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This article in CS

  1. Vol. 44 No. 3, p. 968-977
    Received: July 9, 2003

    * Corresponding author(s): plgepts@ucdavis.edu


The Genetic Anatomy of a Patented Yellow Bean

  1. L. Pallottinia,
  2. E. Garciab,
  3. J. Kamic,
  4. G. Barcacciaa and
  5. P. Gepts *c
  1. a Department of Agronomy and Crop Science, University of Padova, Agripolis, Via Romea 16, 35020 Legnaro, PD, Italy
    b Department of Food Science and Technology, University of California, 1 Shields Avenue, Davis, CA 95616-8598, USA
    c Department of Agronomy and Range Science, University of California, 1 Shields Avenue, Davis, CA 95616-8515, USA


Since a 1980 Supreme Court decision, it is possible in the USA to obtain a utility patent for crop cultivars and other life forms. Furthermore, it is also possible to obtain Plant Variety Protection (PVP) for a cultivar. Among the awards of the United States Patent and Trademark Office and the USDA Plant PVP Office are a utility patent and a PVP certificate, respectively, associated with a yellow-seeded bean (Phaseolus vulgaris L.), specifically the cultivar Enola. These awards have been controversial because of, among several reasons, the perceived lack of novelty of the yellow seed color and the cultivar itself. To check the origin of Enola, we fingerprinted a representative sample of 56 domesticated common bean accessions, including a subsample of 24 cultivars with yellow seeds similar to those of Enola. Fingerprinting was accomplished with amplified fragment length polymorphisms (AFLP). Five EcoRI/MseI and five PstI/MseI primer combinations were used, which revealed 133 fragments. The PstI/MseI primer combinations revealed a 3-fold larger number of polymorphic markers than the EcoRI/MseI primer combinations. Most yellow-seeded beans, including Enola, were included in a tightly knit subgroup of the Andean gene pool. Enola was most closely related to the pre-existing Mexican cultivar Azufrado Peruano 87. A sample of 16 individuals of Enola displayed a single 133-AFLP-fragment fingerprint, which was identical to a fingerprint observed among yellow-seeded beans from Mexico, including Azufrado Peruano 87. Probability calculations of matching the specific Enola fingerprint showed that the most likely origin of Enola is by direct selection within pre-existing yellow-bean cultivars from Mexico, most probably ‘Azufrado Peruano 87’.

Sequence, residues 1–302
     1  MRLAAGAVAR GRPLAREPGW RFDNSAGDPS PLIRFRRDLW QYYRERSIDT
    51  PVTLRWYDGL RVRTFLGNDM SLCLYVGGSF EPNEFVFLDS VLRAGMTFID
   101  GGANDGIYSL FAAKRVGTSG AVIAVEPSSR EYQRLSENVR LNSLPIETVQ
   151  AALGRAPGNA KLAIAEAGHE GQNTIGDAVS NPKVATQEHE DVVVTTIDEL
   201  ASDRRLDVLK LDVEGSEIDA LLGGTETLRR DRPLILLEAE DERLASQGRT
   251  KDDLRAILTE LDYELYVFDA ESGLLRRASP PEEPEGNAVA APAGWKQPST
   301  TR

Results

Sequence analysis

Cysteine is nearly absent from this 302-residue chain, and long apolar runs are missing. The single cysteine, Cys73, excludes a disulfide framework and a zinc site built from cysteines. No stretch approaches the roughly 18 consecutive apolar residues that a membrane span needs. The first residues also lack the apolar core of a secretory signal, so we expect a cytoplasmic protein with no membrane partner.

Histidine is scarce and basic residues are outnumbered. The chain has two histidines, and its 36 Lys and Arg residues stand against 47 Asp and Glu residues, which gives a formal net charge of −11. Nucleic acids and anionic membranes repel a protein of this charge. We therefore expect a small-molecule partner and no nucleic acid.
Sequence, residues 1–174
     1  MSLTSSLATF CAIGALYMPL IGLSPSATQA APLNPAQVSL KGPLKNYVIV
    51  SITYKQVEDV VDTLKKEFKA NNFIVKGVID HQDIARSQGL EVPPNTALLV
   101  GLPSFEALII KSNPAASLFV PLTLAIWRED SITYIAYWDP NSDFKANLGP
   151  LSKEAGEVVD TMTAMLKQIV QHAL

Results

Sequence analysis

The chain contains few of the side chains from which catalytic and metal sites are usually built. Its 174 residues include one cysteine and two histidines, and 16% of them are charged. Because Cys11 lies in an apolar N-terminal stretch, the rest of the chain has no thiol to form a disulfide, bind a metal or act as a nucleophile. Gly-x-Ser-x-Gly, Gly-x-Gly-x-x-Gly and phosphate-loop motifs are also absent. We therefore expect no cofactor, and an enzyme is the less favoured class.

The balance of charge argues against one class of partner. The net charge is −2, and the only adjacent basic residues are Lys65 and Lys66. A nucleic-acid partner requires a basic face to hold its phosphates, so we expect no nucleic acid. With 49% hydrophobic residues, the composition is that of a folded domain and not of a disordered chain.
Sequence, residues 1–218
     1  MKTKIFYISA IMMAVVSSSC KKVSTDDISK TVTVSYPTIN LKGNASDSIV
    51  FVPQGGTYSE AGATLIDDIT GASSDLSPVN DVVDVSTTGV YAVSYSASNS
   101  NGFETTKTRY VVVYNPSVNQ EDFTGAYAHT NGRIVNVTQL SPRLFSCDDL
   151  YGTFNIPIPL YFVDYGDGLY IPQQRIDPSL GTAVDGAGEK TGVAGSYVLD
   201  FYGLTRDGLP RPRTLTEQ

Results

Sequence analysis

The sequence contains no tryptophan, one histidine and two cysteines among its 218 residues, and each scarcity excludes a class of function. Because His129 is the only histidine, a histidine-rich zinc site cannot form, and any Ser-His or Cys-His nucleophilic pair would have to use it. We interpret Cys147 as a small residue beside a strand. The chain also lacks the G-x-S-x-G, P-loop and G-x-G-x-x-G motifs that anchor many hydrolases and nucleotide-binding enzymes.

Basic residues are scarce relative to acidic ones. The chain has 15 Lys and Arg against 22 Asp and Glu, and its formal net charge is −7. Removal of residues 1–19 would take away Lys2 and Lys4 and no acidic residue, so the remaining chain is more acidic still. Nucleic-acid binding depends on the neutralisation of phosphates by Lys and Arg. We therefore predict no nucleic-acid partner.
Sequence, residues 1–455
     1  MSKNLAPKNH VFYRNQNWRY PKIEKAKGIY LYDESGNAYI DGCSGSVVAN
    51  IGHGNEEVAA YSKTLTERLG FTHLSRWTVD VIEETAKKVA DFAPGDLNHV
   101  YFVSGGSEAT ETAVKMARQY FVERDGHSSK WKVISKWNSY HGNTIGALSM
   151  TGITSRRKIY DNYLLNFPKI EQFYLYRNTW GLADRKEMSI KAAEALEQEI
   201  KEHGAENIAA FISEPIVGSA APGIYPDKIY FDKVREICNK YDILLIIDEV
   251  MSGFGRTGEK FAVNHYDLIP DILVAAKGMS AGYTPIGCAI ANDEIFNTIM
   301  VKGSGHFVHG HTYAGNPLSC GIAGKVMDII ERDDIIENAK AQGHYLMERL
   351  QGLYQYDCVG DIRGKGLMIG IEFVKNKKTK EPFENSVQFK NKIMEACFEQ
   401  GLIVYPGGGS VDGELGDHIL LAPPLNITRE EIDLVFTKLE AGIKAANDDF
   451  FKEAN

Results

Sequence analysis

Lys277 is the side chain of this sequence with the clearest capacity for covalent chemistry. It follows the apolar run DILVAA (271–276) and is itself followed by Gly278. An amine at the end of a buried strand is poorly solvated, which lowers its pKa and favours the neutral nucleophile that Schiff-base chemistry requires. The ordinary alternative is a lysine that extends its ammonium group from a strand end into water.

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Copyright © 2004. Crop Science Society of AmericaCrop Science Society of America